case combinations as elegant and artisti
as those readily admirod because en
graved. Tho specimens of lettering au
of plates aro clearly and brilliantl
printed in jet-black ink, and high praia
is duo for the general effect of the page:
Tho hormel volume, containing tho nun
hers already published, is worthy c
preservation in every library, as it cot
tains ?peeimeu cuts taken from th
elifferent works so splendidly Ulm
trated hy Dore.
THE BURNS CLUB.-Last Dight, tho
anniversary o? the birth of Scotland's
favorite poet was duly kept up by tho
Burns Club, of Columbia-materially
assisted by the admirers o? the poet on
this side of the Atlantic. The supper
was provided by Mr. McKenzie, and it
was of a character to go beyoud the vergo
of criticism: it consisted of fish, flesh,
fowl, bivalves, with all the rt ceteras
cakes, tartiets, pies, jellies, etc. And to
assist digestion, a most excelleut orches?
tra, led by Sig. Angelo Mauro, dispensed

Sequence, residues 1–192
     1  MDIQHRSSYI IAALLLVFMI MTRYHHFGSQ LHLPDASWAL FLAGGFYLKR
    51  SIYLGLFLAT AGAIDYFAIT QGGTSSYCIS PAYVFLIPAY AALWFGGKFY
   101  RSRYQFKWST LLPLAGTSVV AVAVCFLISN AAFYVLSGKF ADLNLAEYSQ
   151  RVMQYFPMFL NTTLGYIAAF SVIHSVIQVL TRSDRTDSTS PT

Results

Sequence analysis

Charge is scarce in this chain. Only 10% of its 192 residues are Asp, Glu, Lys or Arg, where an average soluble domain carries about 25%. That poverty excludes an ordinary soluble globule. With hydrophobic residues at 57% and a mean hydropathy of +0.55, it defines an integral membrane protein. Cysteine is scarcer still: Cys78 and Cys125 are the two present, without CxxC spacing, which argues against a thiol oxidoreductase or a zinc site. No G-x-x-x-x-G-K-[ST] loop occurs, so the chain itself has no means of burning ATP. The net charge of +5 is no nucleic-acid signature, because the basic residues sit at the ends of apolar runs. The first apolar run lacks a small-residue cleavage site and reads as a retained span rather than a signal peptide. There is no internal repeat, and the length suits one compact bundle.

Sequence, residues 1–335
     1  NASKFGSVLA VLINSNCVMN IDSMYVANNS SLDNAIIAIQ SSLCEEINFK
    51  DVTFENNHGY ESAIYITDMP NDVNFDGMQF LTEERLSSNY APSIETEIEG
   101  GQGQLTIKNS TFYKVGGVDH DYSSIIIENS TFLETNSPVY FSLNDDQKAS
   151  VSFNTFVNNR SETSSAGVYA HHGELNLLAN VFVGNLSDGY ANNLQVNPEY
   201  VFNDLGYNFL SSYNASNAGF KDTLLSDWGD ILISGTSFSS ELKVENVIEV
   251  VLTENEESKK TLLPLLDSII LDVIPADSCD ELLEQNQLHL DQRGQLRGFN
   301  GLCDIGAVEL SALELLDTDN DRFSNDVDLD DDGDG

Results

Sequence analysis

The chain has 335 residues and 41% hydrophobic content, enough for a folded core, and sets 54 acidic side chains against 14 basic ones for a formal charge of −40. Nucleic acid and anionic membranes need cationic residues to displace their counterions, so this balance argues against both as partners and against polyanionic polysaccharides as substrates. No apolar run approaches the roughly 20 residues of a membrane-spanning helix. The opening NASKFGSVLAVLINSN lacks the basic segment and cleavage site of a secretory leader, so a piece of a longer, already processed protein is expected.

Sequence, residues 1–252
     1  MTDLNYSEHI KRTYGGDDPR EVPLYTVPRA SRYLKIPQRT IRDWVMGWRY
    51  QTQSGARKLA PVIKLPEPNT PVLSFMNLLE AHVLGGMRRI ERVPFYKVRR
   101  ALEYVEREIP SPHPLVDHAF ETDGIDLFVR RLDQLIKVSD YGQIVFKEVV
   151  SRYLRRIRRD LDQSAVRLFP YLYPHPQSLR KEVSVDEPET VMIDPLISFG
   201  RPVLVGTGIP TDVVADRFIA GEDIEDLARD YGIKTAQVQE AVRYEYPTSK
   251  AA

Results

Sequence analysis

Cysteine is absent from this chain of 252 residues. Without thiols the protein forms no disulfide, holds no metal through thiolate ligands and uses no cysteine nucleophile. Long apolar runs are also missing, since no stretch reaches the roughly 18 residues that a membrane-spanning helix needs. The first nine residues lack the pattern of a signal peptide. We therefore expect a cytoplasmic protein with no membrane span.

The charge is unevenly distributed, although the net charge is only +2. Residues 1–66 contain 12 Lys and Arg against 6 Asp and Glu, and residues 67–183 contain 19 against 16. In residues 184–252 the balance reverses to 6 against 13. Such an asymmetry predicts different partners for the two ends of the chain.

familiar airs, which made those within
hearing of tho delicious strains evince a
disposition to trip "the light fautastic. "
After a sufficient opportunity had been
obtained for enjoying the substantials,
President Melton auuounced tho regular
toasts, which were properly responded
to -the first by Mr. King, with the song
of "R-iatin* Bobin;" the second by Mr.
Wai. Symmers, with "Annie Laurie."
Just ut this point, we remembered that
I it was essentially necessary to evaporate,
so that our good citizens should be io
' formed of what was going ozi. To borrow
? a couplet from Burns:
..Tho night (h ave ou wt' saug?) au' clatter;
Aird ay tho alo waa growing better."
SUPREME CO"*RT, Jan jary 25. -Present:
C hief Justice Moses and Associate Jon
I tice Willard.
j The cases of Anu Creighton et at. o\
j James R. Pringle et al.; Marcellus M.
; Seabrook et al. <->.?. William Gregg et al.;
' were ordered to be argued oa Wednesday